Scoliosis Complications Later in Life – And How to Deal with Them
A diagnosis of scoliosis, or an abnormal curvature of the spine, can lead to a lot of questions about how to move forward with appropriate treatment and management. Most often, scoliosis is diagnosed during childhood and adolescence, which is an excellent time to treat and prevent any possible complications before reaching adulthood. Since children are still growing, their tissues are more likely to be flexible and receptive to treatment. Thankfully, most people dealing with scoliosis seek immediate treatment to minimize the risk of future complications with aging.
What Leads to Scoliosis Complications Later in Life?
There are several different factors that can lead to complications in adulthood. Some of these components include the following:
- Firstly, there are some people that go through life without a diagnosis or realization that treatment could help their quality of life.
- Alternatively, if diagnosed with mild scoliosis, then treatment may be disregarded. This can lead to scoliosis complications later in life secondary to unintentional neglect of the spine.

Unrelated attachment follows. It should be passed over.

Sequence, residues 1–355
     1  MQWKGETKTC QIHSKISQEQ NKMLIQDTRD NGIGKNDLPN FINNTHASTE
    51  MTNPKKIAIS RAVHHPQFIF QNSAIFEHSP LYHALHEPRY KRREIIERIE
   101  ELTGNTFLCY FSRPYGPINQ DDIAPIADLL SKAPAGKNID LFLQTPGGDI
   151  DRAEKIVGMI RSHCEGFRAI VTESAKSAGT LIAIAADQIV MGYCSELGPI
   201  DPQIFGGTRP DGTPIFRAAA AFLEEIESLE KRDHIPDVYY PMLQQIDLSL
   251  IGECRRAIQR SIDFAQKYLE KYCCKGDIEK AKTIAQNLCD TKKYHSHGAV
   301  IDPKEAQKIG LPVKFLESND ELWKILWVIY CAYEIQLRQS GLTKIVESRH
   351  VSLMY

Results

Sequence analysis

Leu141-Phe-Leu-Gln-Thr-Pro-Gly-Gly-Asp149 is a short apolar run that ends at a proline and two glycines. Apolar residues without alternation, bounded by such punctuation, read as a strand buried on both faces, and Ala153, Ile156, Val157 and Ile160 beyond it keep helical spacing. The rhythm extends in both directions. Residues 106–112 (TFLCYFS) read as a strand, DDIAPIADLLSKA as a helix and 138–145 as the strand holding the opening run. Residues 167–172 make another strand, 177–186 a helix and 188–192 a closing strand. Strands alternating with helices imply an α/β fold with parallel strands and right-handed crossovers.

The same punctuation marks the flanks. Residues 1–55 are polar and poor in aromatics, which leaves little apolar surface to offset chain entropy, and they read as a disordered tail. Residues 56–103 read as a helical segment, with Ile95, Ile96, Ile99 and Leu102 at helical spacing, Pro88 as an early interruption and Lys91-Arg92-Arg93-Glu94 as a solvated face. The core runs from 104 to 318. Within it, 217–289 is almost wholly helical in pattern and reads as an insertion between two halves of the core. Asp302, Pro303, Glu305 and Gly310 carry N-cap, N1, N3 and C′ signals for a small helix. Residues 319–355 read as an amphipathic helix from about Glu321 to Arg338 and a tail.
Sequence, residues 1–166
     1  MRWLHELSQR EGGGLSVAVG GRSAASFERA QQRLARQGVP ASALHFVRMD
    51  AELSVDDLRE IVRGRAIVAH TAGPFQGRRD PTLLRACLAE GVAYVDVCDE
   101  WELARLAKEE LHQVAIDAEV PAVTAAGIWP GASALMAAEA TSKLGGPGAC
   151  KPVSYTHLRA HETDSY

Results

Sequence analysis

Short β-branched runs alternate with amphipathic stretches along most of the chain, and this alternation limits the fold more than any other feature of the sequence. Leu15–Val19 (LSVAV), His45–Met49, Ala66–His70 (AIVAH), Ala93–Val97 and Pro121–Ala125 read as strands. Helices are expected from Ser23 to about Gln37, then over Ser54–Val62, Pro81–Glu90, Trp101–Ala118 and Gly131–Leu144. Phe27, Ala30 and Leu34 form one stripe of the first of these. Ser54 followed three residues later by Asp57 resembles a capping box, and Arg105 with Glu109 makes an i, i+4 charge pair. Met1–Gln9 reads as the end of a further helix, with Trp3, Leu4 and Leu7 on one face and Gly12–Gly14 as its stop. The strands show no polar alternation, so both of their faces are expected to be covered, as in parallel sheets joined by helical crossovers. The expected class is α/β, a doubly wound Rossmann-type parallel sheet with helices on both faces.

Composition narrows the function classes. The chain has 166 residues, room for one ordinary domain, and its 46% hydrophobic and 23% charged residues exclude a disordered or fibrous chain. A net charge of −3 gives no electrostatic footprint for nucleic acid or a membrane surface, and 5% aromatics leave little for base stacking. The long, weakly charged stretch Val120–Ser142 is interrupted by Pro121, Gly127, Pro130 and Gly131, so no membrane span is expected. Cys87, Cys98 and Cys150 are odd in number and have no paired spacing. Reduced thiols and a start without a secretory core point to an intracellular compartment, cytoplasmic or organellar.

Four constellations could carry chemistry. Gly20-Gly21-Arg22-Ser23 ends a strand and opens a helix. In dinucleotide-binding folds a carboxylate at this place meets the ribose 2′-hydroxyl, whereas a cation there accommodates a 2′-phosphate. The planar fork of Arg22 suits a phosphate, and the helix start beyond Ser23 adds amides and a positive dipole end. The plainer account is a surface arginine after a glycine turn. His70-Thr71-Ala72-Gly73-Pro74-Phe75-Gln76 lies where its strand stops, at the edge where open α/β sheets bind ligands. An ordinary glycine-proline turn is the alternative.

- Next, if surgery is indicated, it can also lead to long term complications that are often associated with a spinal fusion.
- Lastly, scoliosis management is a long term effort that, if neglected, can lead to gradual onset of dysfunction with time.
How Aging Affects Scoliosis
As we reach adulthood and age each decade, changes in our general health and in the health of our connective tissue can have a direct effect on the spine, particularly when scoliosis and spine misalignment is an underlying issue. How much later in life complications will develop ultimately depends on the severity of your curve and general health. Common health issues with aging that can be exacerbated with scoliosis include the following:
- Loss of connective tissue elasticity, leading to general stiffness with daily movement and a higher risk of injury